This collaborative, technical writing project is designed to bridge the gap between academic and professional spheres, and provide ENG 110 students with an opportunity to work in teams to develop technical materials that will be reviewed and evaluated by a member of the Joint Strike Fighter (F-35) relocation program who works closely with contracted technical writers.
ENG 110 Learning Outcomes Addressed:
- Write reports
- Identify the principles of audience and purpose analysis
- Demonstrate effective visual page design in documents
- Demonstrate ethical handling of data
- Write documents using standard sentence structure, usage, and spelling
(Be sure to watch the video produced by Major Puller, located in our Blackboard course. He introduces himself and discusses the needs of this project in further detail.)
Federal government agencies routinely contract companies to produce technical documentation. The company you work for, Jabber Tech, has just been contracted to produce a series of technical communication materials as part of the F-35 relocation project. These materials will provide educational information about the F-35 program to local communities where the new F-35B and F-35C aircraft will be based.
You and your colleagues at Jabber Tech have been tasked with the creation of the first in this series of technical materials: an informational report that provides an introduction and overview of the F-35 aircraft, its history and development, its capabilities, and its general benefits to the community, and an accompanying technical presentation. Major Puller, who works in the F-35 relocation program at the Pentagon, will use these materials to give a 20-minute brief (followed by 10 minutes of Q&A) to local government officials and concerned citizens at the upcoming city council meeting in Sandyville, Arizona.
First, your team will need to research the F-35 program using the official resources provided by Major Puller. Then, to write the report, you will need to determine which information is most important to your audience’s needs and condense this information and design materials to meet the constraints of the rhetorical situation.
The contracting organization for this project is the U.S. Marine Corps. Jabber Tech wants you to satisfy the client’s needs by producing professional, effective materials that will present the facts in a positive way, creating a framework that will ultimately persuade the community to embrace the arrival of the F-35. This is a complicated and complex situation because clearly there are benefits and drawbacks for the community. You must satisfy the needs of your employer while at the same time designing communication that presents information in an accurate and ethical way.
You’ll need to do some investigation to better understand Major Puller’s intended audience. Use the city of Yuma, Arizona, as a comparable model for Sandyville, and research the demographics of this community to gather a more distinct picture of its citizens and the cultural concerns that may arise.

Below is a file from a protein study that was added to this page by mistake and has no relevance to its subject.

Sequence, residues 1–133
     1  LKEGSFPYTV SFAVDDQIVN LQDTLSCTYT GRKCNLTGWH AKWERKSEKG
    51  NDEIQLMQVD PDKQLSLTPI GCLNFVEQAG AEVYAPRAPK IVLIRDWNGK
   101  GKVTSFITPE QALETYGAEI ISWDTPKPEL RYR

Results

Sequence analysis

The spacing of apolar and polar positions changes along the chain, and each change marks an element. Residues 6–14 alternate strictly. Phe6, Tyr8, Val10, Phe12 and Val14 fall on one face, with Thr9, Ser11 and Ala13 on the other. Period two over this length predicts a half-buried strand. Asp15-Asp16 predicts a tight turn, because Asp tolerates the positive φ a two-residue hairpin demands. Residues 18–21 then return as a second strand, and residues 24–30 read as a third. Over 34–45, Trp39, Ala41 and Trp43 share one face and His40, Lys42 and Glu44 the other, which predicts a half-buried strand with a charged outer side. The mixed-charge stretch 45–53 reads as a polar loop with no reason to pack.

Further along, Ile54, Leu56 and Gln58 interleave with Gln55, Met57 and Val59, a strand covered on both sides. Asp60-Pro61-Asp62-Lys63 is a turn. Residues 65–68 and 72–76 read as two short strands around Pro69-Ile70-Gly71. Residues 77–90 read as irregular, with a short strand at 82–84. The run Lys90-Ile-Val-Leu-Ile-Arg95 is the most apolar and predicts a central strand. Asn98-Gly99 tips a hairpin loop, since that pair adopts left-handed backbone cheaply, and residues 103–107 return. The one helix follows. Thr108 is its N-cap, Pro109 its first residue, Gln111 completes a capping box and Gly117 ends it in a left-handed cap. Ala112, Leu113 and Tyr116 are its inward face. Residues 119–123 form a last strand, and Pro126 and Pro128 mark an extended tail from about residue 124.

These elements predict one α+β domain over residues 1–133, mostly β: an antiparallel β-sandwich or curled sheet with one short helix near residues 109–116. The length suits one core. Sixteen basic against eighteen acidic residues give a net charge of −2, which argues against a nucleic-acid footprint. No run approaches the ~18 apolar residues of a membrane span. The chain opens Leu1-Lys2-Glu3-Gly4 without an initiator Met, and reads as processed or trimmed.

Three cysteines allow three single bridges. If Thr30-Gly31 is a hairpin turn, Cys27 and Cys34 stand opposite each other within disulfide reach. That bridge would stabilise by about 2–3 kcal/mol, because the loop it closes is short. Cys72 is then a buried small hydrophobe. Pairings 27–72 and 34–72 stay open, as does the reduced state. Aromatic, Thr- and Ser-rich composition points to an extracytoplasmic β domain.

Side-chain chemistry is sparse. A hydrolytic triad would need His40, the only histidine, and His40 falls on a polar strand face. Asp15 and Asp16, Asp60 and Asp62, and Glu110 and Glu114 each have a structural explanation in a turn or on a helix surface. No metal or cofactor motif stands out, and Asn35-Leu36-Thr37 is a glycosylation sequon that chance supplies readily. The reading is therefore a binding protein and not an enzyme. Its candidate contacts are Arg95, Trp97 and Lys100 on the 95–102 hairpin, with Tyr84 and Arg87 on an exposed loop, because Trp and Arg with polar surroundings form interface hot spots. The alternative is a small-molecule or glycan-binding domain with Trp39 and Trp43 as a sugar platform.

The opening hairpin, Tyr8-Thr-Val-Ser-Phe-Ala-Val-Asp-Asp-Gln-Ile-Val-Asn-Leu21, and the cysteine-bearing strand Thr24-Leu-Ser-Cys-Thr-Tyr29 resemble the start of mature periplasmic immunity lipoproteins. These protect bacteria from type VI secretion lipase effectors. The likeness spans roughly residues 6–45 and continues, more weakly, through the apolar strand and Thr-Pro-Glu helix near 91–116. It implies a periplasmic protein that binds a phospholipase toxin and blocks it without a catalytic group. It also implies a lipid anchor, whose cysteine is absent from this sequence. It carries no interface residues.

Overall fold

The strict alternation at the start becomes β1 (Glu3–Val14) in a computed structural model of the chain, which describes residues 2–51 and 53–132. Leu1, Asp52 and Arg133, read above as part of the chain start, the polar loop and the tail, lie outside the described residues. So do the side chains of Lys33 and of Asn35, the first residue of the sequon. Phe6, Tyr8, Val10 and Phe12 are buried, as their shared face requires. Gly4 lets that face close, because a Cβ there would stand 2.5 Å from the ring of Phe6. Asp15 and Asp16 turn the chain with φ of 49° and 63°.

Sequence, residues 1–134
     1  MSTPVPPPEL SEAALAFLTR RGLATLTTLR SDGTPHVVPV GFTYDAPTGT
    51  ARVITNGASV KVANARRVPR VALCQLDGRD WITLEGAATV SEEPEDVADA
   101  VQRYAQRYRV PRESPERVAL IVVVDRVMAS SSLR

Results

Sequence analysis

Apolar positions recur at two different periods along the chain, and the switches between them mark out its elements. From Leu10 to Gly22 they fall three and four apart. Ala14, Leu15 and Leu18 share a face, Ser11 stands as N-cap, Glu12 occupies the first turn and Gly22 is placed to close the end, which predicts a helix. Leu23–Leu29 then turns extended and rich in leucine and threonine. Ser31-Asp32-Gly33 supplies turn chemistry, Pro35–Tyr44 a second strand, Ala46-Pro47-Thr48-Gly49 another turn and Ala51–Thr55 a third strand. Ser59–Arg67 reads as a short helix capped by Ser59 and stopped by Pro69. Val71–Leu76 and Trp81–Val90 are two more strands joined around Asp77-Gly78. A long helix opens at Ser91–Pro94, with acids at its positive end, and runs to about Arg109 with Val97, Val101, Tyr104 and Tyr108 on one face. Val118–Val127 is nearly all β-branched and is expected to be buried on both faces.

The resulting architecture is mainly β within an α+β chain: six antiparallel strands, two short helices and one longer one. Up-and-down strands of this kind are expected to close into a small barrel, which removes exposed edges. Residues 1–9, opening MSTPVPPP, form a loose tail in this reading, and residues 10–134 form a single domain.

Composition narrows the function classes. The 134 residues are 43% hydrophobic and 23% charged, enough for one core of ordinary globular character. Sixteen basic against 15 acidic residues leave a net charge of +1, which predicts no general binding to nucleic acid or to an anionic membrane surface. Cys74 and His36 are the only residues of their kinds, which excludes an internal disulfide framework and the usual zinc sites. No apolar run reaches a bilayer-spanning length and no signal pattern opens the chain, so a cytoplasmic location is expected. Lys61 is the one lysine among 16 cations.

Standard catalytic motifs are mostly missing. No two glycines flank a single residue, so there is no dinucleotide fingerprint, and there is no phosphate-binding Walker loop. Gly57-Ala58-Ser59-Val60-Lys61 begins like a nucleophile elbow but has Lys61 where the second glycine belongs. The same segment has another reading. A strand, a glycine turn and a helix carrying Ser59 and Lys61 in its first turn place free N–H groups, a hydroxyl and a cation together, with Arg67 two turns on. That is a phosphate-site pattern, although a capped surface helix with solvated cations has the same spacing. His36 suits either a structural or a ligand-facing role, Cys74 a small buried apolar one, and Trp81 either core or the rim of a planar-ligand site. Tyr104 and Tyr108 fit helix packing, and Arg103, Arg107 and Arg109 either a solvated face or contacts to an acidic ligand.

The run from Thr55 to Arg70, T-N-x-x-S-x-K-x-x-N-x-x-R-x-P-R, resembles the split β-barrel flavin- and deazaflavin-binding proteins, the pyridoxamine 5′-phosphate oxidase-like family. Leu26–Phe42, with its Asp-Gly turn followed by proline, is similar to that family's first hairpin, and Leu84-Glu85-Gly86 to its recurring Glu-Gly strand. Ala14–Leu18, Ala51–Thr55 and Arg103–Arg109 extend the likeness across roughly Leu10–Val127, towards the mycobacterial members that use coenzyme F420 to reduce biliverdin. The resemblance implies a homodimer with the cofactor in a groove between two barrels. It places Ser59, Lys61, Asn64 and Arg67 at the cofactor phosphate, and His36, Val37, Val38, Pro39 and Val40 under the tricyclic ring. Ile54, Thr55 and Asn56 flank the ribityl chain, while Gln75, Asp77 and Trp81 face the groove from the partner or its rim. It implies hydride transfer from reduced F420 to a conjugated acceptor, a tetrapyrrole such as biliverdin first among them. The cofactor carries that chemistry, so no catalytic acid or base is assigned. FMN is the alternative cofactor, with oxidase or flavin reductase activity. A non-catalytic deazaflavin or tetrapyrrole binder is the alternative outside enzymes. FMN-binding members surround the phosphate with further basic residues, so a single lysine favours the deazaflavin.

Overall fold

Then, try to get a better understanding the conversation taking place in the civilian community. What are the local’s complaints and concerns? Their misconceptions? Do a google search for topics like “F-35 noise” and “F-35 problems.” Keep in mind that most of what you will find is not official or credible information (and you will not use it in your report or presentation), but it can give you a better insight into the potential attitudes and beliefs of your audience. Also consider how you will make highly technical information accessible to a non-expert audience. What key technical terms or military jargon will you need to define, for example?
Status Report. At the end of week 9, your team will submit a status report to Major Puller. Because you will be communicating with him via email, he expects this report to adhere to memo format. Your progress report will explain how the project is proceeding. You must explain clearly and fully what has happened so far, and how those activities or events will affect the overall project. Your tone should be objective, neither defensive nor casual. In this document, your team’s job is to provide a full account of your activities and forecast the next stage of your project. Remember: If things are going wrong, it is unwise to cover them up — doing so will only complicate matters further.
Informational Report. In our textbook, Technical Communication, Markel defines the purpose of an informational report as a singular one: to describe something that has happened or is happening now. The main purpose of your informational report is to provide an analysis (an explanation of how or why something happens) that offers clear, accurate information to a specific audience. We have examined five types of informational reports: directive reports, field reports, progress reports, incident reports, meeting minutes, and recommendation reports. To complete your team’s informational report, you may need to combine characteristics and styles from more than one of these types.
Technical Presentation. Graphics clarify or highlight important ideas and facts, and this is particularly useful for statistical data. Most speakers use presentation software to develop graphics that offer a visual focus for the information shared. Your team will need to create an effective presentation that has a clear, well-supported claim, is easy to see, easy to read, uncomplicated, and correct. When estimating the length of technical presentation, a good rule of thumb is to estimate 1 slide per minute.